Monthly Archives: August 2012
This is the first single from Bon Jovi‘s 2005 album of the same name. According to this guy, the song is about Jon Bon Jovi‘s disappointment at George W. Bush‘s 2004 election win, but I don’t know where the hell he got that idea from. To me, it seems more like a sarcastic fuck you to all the haters and naysayers, which is also why I’m posting it. It’s also featured in the movie Win Win, which seems to be playing multiple times a day, every day, on cable TV in the U.S., so I’ve probably heard it like 57 times in the last 6 weeks without even really trying to. When I listen to it now, my mind even fills in lightsaber noises at the appropriate spots. Happy Friday, people!
When this song first came out a few years ago, I thought it was a fun, peppy goof of a track. Lately though, I’ve come to think that it’s deeply profound with a more than a ring of truth to it. I’ve been meaning to write some actual posts explaining my frame of mind as of late, but I really don’t want spew a lot of venom (plus I’m still working on that Police Academy thesis; it has become a fucking magnum opus). Give me a couple of days, and I’ll have some fun shit for you all. In the meantime, let’s all enjoy some power pop and laugh at the absurdity of being an adult in the 21st Century.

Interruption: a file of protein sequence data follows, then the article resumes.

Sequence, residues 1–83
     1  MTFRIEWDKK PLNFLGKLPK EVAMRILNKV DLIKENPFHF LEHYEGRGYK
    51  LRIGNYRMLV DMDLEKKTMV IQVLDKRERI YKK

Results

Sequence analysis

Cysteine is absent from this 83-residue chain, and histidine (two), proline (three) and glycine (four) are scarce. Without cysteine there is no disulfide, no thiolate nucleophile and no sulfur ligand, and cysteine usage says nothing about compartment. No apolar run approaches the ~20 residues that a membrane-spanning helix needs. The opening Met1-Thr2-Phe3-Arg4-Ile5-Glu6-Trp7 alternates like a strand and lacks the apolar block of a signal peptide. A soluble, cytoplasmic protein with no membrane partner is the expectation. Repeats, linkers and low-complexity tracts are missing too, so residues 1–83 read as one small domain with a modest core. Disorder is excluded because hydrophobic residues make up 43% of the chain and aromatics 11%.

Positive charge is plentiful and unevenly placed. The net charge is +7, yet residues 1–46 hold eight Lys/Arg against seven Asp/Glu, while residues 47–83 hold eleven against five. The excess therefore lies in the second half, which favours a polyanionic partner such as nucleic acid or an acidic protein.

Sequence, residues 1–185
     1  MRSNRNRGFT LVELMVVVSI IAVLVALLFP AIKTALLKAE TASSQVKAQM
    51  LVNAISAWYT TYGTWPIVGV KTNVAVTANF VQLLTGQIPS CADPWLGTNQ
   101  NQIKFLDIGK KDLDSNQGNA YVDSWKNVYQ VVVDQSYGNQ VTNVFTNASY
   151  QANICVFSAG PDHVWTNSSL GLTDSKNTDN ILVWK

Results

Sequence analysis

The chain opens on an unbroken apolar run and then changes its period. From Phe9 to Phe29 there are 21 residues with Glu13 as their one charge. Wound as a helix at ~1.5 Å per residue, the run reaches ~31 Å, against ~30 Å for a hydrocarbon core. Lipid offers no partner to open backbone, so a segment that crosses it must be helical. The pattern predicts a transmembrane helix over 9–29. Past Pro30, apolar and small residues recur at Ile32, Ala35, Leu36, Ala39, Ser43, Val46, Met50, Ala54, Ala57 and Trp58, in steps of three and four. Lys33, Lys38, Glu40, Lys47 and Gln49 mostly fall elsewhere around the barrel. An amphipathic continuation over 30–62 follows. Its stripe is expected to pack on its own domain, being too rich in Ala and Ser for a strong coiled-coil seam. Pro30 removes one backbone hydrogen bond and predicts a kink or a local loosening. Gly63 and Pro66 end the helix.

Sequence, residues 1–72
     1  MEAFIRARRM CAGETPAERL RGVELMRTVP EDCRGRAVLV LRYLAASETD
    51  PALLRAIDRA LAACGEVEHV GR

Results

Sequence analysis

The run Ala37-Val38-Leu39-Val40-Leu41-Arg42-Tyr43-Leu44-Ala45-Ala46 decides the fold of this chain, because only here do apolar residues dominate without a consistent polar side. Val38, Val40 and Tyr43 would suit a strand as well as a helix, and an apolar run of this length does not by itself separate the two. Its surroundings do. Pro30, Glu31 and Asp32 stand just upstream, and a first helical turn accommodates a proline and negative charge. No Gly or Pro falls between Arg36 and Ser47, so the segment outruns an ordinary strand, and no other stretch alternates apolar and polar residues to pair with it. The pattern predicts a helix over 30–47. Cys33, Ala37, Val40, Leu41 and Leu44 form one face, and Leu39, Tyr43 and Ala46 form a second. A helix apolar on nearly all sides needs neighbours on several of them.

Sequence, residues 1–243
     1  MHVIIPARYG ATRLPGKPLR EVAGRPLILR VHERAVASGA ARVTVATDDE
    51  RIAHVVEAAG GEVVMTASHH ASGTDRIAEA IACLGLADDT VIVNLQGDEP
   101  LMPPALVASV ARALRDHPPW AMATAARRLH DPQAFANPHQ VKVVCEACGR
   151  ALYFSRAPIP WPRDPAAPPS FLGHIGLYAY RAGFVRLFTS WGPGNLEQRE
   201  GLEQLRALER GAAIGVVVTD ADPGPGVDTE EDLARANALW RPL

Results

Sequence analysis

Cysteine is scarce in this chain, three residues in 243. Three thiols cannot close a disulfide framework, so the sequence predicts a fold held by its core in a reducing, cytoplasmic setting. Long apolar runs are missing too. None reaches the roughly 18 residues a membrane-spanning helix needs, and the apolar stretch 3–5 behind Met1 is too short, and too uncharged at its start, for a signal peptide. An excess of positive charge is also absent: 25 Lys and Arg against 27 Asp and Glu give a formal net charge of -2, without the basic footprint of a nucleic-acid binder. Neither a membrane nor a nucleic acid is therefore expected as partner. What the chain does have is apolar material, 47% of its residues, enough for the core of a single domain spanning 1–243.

This is more a spoken word track than a song, but I love it nonetheless. From William Shatner‘s 2004 album Has Been, produced by Ben Folds (who also plays the piano here), it’s a melancholy mediation on aging, success, and personal satisfaction (or lack thereof). Seems to be running theme here lately, huh? The musical arrangement is hauntingly beautiful, and Shatner‘s reading isn’t the stilted histrionics that many people associate with him, but a genuinely sincere and moving performance. “At my age, I need serenity…”
This song is from The Ramones final studio album, ¡Adios Amigos! It’s a pretty laid back number for the band, better known for their frenetic high octane playing; if The Ramones did a cover of In A Gadda Da Vida, it would probably be two minutes long. It’s one of their more popular later songs, even though it didn’t chart. Ronnie Spector did a cover that was produced by none other than the song’s composer, Joey Ramone.
This Simon & Garfunkel song was originally released in late 1966, hitting the Top 20 on Billboard’s Hot 100 Chart. It’s a relatively hard track for the duo, better known for a gentler, more hippieish, folky sound. It’s a brilliantly arranged piece of music, the driving beat perfectly complements Paul Simon‘s stellar guitar work. Lyrically, the song is a metaphor for growing older and coping with being unable to fulfill the dreams of youth. About 20 years after its release, it became a signature tune for The Bangles when they covered it for the soundtrack to the film Less Than Zero. It’s also been covered by artists ranging from film composer Hugo Montenegro to goth punk band She Wants Revenge.